We’re not totally in the clear either, however we knew about our issue early on and decided not to worry about it. There is an Urban Dictionary definition of niblets (with an s) that means something that may be a bit on the NSFW side (I’m sure you’ve Googled it now as well).

Our situation is a bit different, that colleague of mine I mentioned above Patrick Woods is a director at archer>malmo’s a>m ventures group. They specialize in branding, brand identity, advertising, and PR. Woods would love for us to change our name. When he thinks nibletz he thinks snacks, and now of course the UD definition we told him about.

Our name came about because we actually came out with our original tag line before the name itself, which was: “Small crunchy bytes from the tech and startup scene”. As a compliment to our huge Android site (which was sold in April) we came up with Nibletz last year. Our original plan was to do a capsulated version of tech and startups similar to what you would find on TechCrunch. We pivoted in January to “the voice of startups everywhere else” and kept the name.

Unlike Corpora we have an established brand presence so for now the name is the same.

a>m ventures has submitted a suggestion for a SXSWi panel/talk in 2013 called “When Bad Names Happen To Great Startups”. If selected archer>malmo’s Chief Creative Officer Gary Backaus along with their Senior Copy Writer will host and moderate a discussion on the importance of naming and having a great name that you can build an even greater brand identity with.

They’ll highlight some of the companies that have changed their names under archer>malmo’s direction and done very well.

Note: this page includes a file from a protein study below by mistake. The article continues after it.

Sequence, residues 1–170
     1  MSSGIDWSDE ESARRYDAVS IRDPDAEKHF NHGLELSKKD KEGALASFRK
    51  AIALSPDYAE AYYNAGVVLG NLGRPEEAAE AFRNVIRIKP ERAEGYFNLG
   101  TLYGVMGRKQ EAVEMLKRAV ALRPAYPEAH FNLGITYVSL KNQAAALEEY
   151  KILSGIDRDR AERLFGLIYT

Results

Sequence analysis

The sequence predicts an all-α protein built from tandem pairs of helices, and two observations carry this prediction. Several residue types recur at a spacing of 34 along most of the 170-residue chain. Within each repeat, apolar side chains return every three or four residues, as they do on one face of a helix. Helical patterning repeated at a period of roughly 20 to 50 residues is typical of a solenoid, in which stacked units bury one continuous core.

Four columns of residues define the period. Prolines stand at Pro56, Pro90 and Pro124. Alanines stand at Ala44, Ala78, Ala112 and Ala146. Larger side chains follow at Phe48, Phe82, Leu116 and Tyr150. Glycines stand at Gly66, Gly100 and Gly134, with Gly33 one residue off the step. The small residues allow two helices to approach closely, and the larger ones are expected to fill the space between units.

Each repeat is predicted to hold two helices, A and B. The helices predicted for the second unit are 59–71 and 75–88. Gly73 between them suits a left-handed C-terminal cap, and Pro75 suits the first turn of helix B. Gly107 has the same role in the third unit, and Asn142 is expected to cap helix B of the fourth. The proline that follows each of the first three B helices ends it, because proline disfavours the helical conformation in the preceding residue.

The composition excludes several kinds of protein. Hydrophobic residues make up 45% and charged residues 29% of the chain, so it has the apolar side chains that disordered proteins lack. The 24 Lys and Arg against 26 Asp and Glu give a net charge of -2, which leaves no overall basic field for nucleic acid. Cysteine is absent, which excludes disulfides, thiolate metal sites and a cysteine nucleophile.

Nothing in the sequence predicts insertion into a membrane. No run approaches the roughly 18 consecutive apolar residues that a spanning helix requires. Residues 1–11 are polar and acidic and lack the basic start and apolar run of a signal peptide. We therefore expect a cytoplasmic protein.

Name changes happen for many reasons, but it’s much easier and a lot less costly when little nuances like your name being part of the word for erection, come up early on in the startup process. Even major corporations sometimes go through name changes. Phillip Morris Companies, the manufacturers of Marlboro cigarettes and one time owner of Kraft foods recently went through a name change to Altria. Of course for Altria many will always refer to them as Phillip Morris.

The Haloid Company was the first name for Xerox.  Lucky Goldstar, the Korean company that became LG, changed their name for better global adaption. Under the Lucky Goldstar name they released a number of very low end electronics, this may have had to do with the shift when they started shipping flat screens, and smartphones worldwide. Now with the shortened name they’ve adapted the slogan Life’s Good.

Many don’t realize that when they fly AirTran they are traveling on the same carrier once known as ValueJet Airlines. ValueJet quickly made a name for themselves in the early to mid 90’s until 1996 when a crash in the Everglades caused them to change their name permanently. Now, most people have forgotten (or didn’t know) that Airtran is ValueJet and just associate AirTran (a unit of Southwest) as a value carrier.